The Guardian • Issue #2037


  • The Guardian
  • Issue #2037

Hundreds of refugees previously held by the Australian government in Papua New Guinea have written to the Home Affairs and Immigration Minister requesting urgent action to transfer sick refugees and asylum seekers, still in limbo in PNG, to Australia. There are now less than 100 refugees and asylum seekers in PNG. Letters from refugees now in Australia, US, New Zealand, PNG and France insist that Australia still has responsibility for those who have been left behind in desperate circumstances in PNG. A number of the men have such serious mental health problems that they are unable to provide intelligible information or informed consent to health providers or refugee organisations regarding their situation. Despite Labor’s policy commitment to “Improve the medical transfer process, establish an Independent Health Advice Panel to provide medical advice and maintain ministerial discretion in all decision making,” Immigration and Home Affairs have turned a deaf ear to requests for urgent medical transfers from PNG. “The Ministers’ response that Australia is no longer responsible for refugees they sent to PNG, doesn’t wash,” said Ian Rintoul, spokesperson for the Refugee Action Coalition, “The United Nations Committee Against Torture recently found that Australia ‘maintains legal responsibility because [the refugees and asylum seekers] remain under Australia’s effective control’. The Morrison government handed the fate of refugees to PNG as if they were livestock, but these people sought protection from Australia. PNG cannot provide them with safety and a secure future. Many of them have no third country resettlement option. Labor can’t hide behind the abuses of the previous Coalition government; they are now complicit in the mistreatment of refugees who need urgent help.”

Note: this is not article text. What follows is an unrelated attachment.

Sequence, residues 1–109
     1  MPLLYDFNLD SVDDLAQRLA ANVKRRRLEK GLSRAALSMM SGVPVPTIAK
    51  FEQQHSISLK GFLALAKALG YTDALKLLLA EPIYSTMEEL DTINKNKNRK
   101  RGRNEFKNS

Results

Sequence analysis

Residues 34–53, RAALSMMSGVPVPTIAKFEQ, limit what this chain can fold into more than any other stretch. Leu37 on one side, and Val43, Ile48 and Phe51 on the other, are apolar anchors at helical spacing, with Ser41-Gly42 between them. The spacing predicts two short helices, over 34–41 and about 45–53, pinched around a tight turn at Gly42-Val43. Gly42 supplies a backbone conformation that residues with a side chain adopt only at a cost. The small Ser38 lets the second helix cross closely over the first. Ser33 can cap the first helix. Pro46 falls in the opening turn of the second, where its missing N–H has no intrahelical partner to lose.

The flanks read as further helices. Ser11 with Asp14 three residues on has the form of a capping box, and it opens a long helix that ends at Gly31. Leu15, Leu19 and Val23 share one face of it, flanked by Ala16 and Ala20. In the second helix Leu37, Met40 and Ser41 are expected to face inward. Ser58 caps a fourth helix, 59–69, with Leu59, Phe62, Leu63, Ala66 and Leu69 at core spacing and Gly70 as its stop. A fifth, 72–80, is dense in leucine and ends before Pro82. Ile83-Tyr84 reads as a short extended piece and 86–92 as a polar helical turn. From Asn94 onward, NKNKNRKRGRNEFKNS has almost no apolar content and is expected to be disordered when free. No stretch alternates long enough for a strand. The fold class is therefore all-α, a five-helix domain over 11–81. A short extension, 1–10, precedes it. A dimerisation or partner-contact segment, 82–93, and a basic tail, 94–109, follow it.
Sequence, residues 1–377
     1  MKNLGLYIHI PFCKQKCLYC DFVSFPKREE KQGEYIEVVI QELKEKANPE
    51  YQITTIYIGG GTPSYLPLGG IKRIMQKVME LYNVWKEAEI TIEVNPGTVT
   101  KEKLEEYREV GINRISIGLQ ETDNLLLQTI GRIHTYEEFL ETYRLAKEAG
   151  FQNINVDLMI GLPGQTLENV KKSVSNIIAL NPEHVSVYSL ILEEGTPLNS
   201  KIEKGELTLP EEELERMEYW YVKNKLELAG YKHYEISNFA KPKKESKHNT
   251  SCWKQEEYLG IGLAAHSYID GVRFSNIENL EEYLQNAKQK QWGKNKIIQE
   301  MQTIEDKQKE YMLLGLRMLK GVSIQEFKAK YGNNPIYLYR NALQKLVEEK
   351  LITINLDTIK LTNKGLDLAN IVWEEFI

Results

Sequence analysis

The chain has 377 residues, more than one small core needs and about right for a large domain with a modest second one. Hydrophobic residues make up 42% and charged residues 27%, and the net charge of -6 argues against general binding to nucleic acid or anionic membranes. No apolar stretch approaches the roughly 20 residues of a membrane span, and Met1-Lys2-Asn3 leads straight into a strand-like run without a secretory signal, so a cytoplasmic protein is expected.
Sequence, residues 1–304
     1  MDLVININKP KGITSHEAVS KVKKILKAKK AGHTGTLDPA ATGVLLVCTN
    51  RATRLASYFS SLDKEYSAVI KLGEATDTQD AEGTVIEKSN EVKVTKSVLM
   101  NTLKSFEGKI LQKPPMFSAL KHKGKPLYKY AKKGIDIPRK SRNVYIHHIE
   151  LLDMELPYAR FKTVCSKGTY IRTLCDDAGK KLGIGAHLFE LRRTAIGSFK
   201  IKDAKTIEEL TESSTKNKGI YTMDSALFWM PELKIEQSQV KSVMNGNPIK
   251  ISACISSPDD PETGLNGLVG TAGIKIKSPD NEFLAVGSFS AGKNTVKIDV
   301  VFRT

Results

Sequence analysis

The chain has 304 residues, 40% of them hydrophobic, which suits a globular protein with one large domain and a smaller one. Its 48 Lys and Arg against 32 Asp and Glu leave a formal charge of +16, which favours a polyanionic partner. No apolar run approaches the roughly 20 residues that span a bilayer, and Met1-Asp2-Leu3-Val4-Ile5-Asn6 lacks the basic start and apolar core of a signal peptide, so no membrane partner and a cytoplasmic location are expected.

A study has detailed the shocking toll psychological injuries have on the NSW healthcare workforce, with the rate of claims amongst nurses and midwives seeing a 150 per cent increase over the last nine years. The study, commissioned by the Healthy Lives Research Group at Monash University examined the psychological health of public health workers and the risk factors that lead to higher instances of psychological injury amongst this cohort. The report found healthcare workers and those working in the social assistance industry, comprised nearly double the number of psychological injury claims made to workers’ comp agency iCare, when compared to workers in other sectors. Psychological injuries sustained by nurses and midwives most commonly occurred within hospital settings (53 per cent) and residential care services (36 per cent) with stress and/or anxiety being the most common psychological injury. Over the study’s nine-year period, it found those working in NSW healthcare and social assistance sector had collectively lost more than 170,000 working weeks due to psychological injuries, equivalent to approximately 3.450 full-time equivalent lost working years. NSW Nurses and Midwives’ Association General Secretary Shaye Candish described the report as “a damning inditement of the NSW government’s failure to invest in our healthcare workforce.”

PARASITE OF THE WEEK: in this oxymoron – 1) the underfunded health system, above and 2) this headline “Defence increases strike range with $2b ‘god of war’ rocket system”.

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